Yeah, that might do it.

  5. Anonymous Coward
    Anonymous Coward

    So you want to go on the Internet, have two dozen third party programs installed, an operating system (that you have no idea how the source code looks) and you assume you are secure.

    M$ is no different than Apple or any other software vendor. Their vuln's are kept stumm to keep the punters happy and ignorant in their 'security'.

    1. Destroy All Monsters Silver badge

      But your Operating System does Bezier Curves!

      That must count for something?

  6. Tchou

    MS "treating security bug hunters with “great hostility”.

    Of course they do, for at least four reasons :

    - Plenty of these bugs are really features requested and paid for by "security" agencies (NSA,...)

    - MS don't give a fuck about end user's system security, but rather their generous sponsors (NSA...) interests

    - Developing fixes cost money and reduce the functionalities requested by generous sponsors

    - Publicly revealing these bugs make them exploitable by competing sponsors whose interest may diverge from those of the 51th state of America (by order of creation, but 1st by importance)

    1. Anonymous Coward
      Anonymous Coward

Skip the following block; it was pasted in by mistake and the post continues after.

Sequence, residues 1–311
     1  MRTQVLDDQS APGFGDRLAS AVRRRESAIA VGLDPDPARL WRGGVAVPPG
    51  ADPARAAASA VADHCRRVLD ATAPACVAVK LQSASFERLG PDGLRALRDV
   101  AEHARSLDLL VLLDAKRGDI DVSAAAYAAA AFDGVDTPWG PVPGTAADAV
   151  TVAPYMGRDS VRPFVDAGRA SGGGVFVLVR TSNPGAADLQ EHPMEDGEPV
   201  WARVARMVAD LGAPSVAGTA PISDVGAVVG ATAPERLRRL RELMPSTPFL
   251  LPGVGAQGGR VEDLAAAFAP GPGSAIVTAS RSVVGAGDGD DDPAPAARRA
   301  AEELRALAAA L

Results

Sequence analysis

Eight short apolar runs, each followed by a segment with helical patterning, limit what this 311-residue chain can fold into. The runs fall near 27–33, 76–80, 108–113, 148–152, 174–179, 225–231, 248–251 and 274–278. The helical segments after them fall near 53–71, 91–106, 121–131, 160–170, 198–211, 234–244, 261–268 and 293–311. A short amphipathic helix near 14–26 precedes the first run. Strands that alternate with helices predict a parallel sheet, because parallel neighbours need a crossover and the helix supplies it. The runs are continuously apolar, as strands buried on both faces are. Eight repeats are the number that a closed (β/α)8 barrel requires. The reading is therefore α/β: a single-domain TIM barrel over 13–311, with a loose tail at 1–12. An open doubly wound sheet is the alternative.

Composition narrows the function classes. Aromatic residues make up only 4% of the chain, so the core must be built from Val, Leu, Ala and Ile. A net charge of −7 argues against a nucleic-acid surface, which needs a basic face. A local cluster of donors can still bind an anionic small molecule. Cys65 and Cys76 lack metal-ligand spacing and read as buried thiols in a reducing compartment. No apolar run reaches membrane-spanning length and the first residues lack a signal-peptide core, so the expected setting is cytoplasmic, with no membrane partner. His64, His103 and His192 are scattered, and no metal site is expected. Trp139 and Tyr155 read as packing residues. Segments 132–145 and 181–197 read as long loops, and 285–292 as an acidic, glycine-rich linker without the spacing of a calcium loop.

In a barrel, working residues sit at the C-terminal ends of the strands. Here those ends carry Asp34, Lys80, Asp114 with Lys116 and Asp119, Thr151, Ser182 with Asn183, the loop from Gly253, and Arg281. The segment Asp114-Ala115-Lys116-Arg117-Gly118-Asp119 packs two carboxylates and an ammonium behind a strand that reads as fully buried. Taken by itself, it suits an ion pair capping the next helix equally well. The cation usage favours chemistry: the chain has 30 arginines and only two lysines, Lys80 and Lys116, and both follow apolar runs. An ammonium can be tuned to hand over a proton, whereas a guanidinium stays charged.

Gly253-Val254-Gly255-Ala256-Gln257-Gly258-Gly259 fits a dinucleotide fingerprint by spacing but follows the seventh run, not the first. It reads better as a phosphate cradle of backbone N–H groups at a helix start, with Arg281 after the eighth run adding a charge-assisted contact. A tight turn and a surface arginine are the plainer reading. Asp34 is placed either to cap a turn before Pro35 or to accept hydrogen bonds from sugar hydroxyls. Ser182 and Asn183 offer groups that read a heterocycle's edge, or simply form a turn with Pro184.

Re: MS "treating security bug hunters with “great hostility”.

      Wrong icon, you need the balck helicopters one...

  7. Don Jefe


    Yes there are security issues. There are security issues in every piece of software if you look hard enough. It is up to the vendor to sort them out. It is not the role of the penetration tester to escalate 'his' vulnerabilities to the top. His role stops with disclosure of the issue, he's no good for fixing it: It is beyond his purview to direct corporate security priorities.

    Not to be an MS apologist but everyone I know in computer security gives MS a lot of credit for changing their security processes for the better.

  8. TeeCee Gold badge


    "....I would advise only speaking to them under a pseudonym, using Tor and anonymous email to protect yourself,”

    "Dear Kettle. I am very worried about the use you might put my personal information to, were I to let you have it. Signed Pot."

  9. Anonymous Coward